So, after the meeting of Theresa May’s Cabinet at Chequers last Wednesday (31 August), the formal pre-G20 interview (released Sunday 4 September) and comments made at the G20, it appears we are still not much nearer understanding what “Brexit means Brexit” will actually mean in reality. Labour MP Stephen Kinnock told the Westminster Hour it was “the most vaccous phrase in modern political history”. The BBC’s Gavin Hewitt reflects similar consternation abroad: “The much-quoted ‘Brexit means Brexit’ is met with bafflement. A Washington Post columnist said it had as much meaning as a parent declaring ‘bedtime means bedtime’. The French talk of ‘le grand flou de Theresa May’, the great vagueness of the British PM.” In the meantime, in this extended period of uncertainty, hate crimes against ‘foreigners’ continue to rise, the economy flounders for the most part, investment in business & industry remains largely on hold (with threats of withdrawal by major Japanese TNCs), sterling is in freefall more often than  it is stable and savers lose hundreds of thousands via the lowest interest rates in generations. (David Cameron’s legacy truly will be one of best-forgotten ignominy!) Following the Chequers meeting, BBC News (2016c) cited former Foreign Office minister Hugo Swire as saying there was a… Read More

Continuity Hypothesis

Relaunched: 14 June 2017 The Continuity Hypothesis was put forward by John Bowlby (1953) as a critical effect of attachments in his development of Attachment Theory. He was greatly influenced by Sigmund Freud (1940) who viewed an infant’s first relationship – usually with the mother – as “the prototype of all later love-relations”. This ‘prototype’ Bowlby termed the internal working model – a set of conscious and/or unconscious  rules and expectations which will be applied to all  relationships we develop with others. So our first experiences will influence our expectations and actions in future experiences – hence the sense of continuity. In his concept of the internal working model, Bowlby was borrowing Kenneth Craik’s (1943) concept of ‘mental models’ – ie: that all humans carry in their heads mental representations of the external world and their relations with it. These mental models – schemas and complexes of schemas in the selfplex – then provide the basis on which the individual perceives and deals with the external world. According to Bowlby, with the aid of working models, children predict the attachment figure’s likely behaviour and plan their own responses. What type of model they construct is therefore of great consequence. How the internal working model formed will influence… Read More

Strange Situation

Updated: 19 December 2016 Over 60 years after its prototype was first deployed and in spite of a welter of criticisms – especially from cross-cultural research – the Strange Situation remains the most popular and most used measure of children’s attachment. Just exactly what the procedure measures and how successful it actually is have been contested by several prominent researchers and theoreticians and a number of limitations have been acknowledged over the years. Ironically, considering the issues raised by some cross-cultural research, the idea for the procedure came from work in Uganda  by Mary Ainsworth. She had worked for a period with John Bowlby in the UK and been much influenced by Bowlby researcher John Robertson’s meticulous attention to detail in recording naturalistic observations, particularly to do with separation. In 1954 Ainsworth went to Uganda, as a result of her husband getting a research position there. She studied mother-child relationships in 6 villages of the Ganda people in Kampala, visiting 26 mothers and their infants, every 2 weeks for 2 hours per visit over a period of up to 9 months. Visits (with an interpreter) took place in the family living room, where Ganda women generally entertain in the afternoon. She was particularly interested in determining the… Read More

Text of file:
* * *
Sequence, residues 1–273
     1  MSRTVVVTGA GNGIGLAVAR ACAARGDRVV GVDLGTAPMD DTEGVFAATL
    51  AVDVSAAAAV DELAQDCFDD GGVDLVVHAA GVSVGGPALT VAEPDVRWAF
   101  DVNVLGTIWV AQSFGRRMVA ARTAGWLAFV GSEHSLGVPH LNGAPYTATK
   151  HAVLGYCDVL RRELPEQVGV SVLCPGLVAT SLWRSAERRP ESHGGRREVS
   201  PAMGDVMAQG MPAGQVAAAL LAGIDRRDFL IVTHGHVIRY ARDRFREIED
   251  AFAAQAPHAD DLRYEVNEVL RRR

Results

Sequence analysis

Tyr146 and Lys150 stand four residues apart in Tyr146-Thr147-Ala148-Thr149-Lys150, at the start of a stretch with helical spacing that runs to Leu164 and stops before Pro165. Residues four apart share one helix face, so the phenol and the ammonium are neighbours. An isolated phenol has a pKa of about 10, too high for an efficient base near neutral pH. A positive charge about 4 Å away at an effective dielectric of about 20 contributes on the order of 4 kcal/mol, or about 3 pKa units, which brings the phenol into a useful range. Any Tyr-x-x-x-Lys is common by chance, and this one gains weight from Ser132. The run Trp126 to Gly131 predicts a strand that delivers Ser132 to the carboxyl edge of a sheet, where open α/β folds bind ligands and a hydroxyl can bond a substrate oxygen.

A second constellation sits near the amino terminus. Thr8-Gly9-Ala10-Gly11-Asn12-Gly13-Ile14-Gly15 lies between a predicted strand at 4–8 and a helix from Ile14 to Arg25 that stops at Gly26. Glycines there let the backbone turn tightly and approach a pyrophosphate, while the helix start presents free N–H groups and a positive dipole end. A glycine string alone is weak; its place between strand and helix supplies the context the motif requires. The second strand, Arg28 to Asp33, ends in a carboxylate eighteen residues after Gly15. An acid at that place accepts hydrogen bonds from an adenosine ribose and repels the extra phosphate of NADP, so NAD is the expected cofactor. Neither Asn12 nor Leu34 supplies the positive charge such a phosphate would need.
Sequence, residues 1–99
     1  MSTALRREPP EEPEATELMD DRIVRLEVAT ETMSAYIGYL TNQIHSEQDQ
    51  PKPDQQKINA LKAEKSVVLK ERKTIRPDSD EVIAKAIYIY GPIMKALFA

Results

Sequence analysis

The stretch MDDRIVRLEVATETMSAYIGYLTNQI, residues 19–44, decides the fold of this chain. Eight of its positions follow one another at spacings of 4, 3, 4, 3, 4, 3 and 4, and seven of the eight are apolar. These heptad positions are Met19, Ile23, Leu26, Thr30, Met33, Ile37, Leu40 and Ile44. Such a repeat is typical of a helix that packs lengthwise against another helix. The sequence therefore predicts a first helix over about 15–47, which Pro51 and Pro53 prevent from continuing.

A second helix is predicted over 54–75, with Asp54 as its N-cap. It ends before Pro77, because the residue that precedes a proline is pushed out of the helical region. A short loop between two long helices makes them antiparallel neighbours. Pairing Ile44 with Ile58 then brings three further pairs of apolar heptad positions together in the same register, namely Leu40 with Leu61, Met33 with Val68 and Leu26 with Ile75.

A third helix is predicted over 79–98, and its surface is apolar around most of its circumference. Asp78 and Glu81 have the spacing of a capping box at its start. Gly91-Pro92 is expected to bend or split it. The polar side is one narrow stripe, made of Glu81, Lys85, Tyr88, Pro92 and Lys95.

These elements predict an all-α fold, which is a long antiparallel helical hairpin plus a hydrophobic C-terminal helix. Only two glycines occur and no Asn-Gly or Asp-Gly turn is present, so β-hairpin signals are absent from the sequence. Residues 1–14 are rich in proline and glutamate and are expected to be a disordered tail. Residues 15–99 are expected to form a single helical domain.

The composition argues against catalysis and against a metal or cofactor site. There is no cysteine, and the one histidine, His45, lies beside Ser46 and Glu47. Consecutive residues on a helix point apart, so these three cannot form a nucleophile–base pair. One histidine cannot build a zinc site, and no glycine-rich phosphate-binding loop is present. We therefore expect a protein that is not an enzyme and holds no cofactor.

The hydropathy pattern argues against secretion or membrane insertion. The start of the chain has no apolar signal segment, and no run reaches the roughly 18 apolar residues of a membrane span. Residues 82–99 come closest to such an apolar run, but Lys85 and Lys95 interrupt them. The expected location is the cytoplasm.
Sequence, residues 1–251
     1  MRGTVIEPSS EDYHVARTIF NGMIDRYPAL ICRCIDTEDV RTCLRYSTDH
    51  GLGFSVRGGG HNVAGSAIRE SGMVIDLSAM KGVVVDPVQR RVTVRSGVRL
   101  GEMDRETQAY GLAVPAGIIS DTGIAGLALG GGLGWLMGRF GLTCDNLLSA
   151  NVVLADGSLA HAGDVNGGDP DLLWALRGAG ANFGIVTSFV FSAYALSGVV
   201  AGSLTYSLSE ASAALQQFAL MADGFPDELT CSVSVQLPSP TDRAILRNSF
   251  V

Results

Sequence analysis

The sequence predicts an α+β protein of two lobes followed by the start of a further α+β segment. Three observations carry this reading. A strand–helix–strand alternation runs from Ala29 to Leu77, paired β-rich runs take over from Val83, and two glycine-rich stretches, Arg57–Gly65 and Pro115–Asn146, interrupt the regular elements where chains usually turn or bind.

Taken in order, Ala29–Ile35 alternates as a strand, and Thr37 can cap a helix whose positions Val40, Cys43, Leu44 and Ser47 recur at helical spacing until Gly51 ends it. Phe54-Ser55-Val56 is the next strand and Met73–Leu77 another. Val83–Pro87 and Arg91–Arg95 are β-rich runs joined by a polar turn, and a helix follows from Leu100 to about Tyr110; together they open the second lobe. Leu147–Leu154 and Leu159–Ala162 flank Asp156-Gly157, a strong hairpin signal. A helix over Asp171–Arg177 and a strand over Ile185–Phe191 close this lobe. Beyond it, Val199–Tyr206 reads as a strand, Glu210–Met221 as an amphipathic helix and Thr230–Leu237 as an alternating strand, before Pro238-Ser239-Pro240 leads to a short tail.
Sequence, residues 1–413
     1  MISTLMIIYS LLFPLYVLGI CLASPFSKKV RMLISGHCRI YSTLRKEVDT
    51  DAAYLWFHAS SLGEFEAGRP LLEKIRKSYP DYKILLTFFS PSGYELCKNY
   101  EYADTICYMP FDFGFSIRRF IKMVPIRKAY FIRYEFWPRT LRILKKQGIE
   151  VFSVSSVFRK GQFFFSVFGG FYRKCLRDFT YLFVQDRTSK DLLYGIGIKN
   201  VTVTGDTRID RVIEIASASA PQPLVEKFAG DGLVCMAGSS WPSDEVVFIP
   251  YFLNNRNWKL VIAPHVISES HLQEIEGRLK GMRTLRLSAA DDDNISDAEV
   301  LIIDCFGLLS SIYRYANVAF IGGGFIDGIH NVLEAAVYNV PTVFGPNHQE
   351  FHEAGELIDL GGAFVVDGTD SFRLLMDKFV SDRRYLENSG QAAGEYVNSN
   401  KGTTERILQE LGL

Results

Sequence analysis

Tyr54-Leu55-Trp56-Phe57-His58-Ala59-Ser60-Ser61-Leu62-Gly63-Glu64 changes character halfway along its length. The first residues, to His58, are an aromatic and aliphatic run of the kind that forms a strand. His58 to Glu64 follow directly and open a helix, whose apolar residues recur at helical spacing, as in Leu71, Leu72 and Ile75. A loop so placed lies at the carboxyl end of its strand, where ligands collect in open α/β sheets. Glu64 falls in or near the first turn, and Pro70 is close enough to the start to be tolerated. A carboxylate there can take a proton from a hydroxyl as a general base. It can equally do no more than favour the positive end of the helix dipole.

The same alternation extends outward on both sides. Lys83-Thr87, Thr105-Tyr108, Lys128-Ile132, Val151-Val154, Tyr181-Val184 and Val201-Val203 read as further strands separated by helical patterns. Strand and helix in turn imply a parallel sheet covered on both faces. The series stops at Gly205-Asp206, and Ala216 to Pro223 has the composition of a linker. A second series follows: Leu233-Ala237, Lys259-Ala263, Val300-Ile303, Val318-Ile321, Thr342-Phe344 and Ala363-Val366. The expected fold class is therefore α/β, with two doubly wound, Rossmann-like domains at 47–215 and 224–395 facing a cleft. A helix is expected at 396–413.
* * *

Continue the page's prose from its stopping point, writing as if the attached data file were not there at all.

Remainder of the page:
Psychosocial Development #2

PART 2 In his later stages, Erikson moves away from and beyond Sigmund Freud’s 5 stages. STAGE 5: PEER RELATIONSHIPS/ADOLESCENCE It was adolescence that interested Erikson first and most; and the patterns he saw here were the starting points for his thinking about all the other stages. At this stage, adolescents are in search of an identity that will lead them to adulthood. Adolescents make a strong effort to answer the question “Who am I?” Erikson notes the healthy resolution of earlier conflicts can now serve as a foundation for the search for an identity. If the child overcomes earlier conflicts, they are prepared to search for identity. Did they develop the basic sense of trust? Do they have a strong sense of industry to believe in themselves? Without these things, the adolescent is likely to experience confusion about their social role(s), meaning an uncertainty about your place in society and the world. When an adolescent is confronted by role confusion, Erikson says that is likely to produce an identity crisis. Erikson strongly supported the notion that society should provide clear rites of passage – certain accomplishments and rituals that help to distinguish the adult from the child. In one way… Read More

The Trouble with Tribalism…

7 July 2016 …is that most Western politicians don’t get it. It’s seen as something relevant to Pre-Modern ‘primitive’ communities but not to Modern societies. And, when Western-style one person/one (secret) vote Democracy is offered to tribal communities as part of the Modernisation process, so many Western leaders seem genuinely perplexed at the relative lack of enthusiasm for it. The Americans in particular seemed baffled that attempts to embed Democracy in the wake of their invasions of the Noughties produced the markedly-corrupt government of Hamid Karzai in Afghanistan and the corrupt and overtly-sectarian government of Nouri al-Maliki in Iraq. A Do-It-Yourself attempt to introduce Democracy in Egypt produced a government (of the Islamic Brotherhood) so unacceptable to the urban middle classes and the army that a ‘sort-of coup’ was instigated, followed by rigged elections, to return the country to neo-military rule as before. Highly-controversial and bitterly-contested ‘democratic’ elections following Libya’s revolutionary civil war resulted in 2 – and arguably 3? – would-be governments claiming the right to rule with their various militia, often organised on sectarian or tribal lines, slugging it out in a patchy, second civil war. Anyone versed in the Gravesian approach could have told the Western planners and the internet-inspired urban ‘democrats’ of Egypt that their campaigns to introduce Western-style Democracy would hit trouble. (See:… Read More